Just like other wildlife in the Shuswap during a cold, snowy winter, bobcats searching for food have been venturing closer to people.
Bobcats or lynx – which can easily be misidentified – have just been spotted in the Chase area. As recently as this week, one was seen on the Chase Falkland Road near Skimikin Road.
In Salmon Arm, a bobcat was found on Jan. 17 in a coop intended to keep a small flock of ducks warm and safe. Seven of the 10 ducks were killed.
Last month a Silver Creek resident managed to take a video of a bobcat in her family’s Edes Road property, about a kilometre from the Silver Creek school.
Jorden McKnight explains that a deer was hit by a vehicle outside her family’s place. It then jumped down from the road and died behind their house.
“For a week or five days it attracted a ton of wildlife,” she says.
Wildlife on McKnight’s property is not unusual, though; a lot of cougars and bears come through the yard. This was the first time she’d seen a bobcat, however.
Her children had just walked across the yard to visit their grandma. About 10 minutes later her house cat was looking out the window and started growling wildly. McKnight looked out and there was the bobcat.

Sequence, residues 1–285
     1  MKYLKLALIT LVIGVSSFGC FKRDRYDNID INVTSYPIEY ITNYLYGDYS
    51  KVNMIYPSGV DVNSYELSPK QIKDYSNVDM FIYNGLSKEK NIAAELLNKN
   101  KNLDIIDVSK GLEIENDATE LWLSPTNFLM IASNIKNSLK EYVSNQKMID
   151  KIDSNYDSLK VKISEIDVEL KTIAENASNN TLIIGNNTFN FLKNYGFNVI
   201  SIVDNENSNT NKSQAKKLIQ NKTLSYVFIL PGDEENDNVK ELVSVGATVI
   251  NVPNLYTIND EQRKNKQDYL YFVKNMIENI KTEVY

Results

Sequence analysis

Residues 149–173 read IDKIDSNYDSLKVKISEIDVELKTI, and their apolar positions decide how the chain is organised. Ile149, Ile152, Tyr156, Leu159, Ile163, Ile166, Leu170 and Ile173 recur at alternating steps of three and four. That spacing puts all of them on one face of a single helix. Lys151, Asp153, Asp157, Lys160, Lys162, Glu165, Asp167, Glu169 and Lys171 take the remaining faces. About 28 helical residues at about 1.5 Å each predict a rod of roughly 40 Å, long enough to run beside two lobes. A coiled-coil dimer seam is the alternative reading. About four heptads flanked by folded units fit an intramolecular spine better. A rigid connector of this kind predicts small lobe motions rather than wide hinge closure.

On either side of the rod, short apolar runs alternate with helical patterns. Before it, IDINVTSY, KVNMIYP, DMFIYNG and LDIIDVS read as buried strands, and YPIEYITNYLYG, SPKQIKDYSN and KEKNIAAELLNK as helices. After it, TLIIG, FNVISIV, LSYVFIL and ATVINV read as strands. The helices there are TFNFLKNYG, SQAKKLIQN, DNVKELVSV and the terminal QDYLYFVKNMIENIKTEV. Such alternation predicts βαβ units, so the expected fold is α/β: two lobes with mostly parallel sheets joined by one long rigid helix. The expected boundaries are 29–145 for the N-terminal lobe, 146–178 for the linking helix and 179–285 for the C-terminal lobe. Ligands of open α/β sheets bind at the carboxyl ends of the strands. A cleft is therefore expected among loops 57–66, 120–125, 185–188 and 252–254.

She says it was a bit bigger than her cat.
According to the BC Adventure Network, bobcats are tawny (greyer in the winter) with black spotting. The tail is short and stubby, hence the bob in bobcat. The face has broken black lines which radiate onto the broad cheek ruff. Average weight is 15 to 35 pounds with the male being larger than the female.
The Adventure Network also states that a bobcat is an excellent climber which often waits in trees to pounce on its prey. That includes rodents, rabbits, squirrels, birds and the occasional deer. Larger prey it has killed is often stashed for later.
McKnight’s family has a large dog, so wildlife like bobcats don’t stick around long.
The area where her family lives is surrounded by farms. She recounts an incident in Silver Creek last fall where a bear swatted at someone in the area who was out walking their dog.
McKnight says she’d like to emphasize the message that wildlife are everywhere and people should always be aware of surroundings. She points to the new walking path in Silver Creek that was well used before the big snow hit.
“Close encounters with wildlife are expected,” she stresses.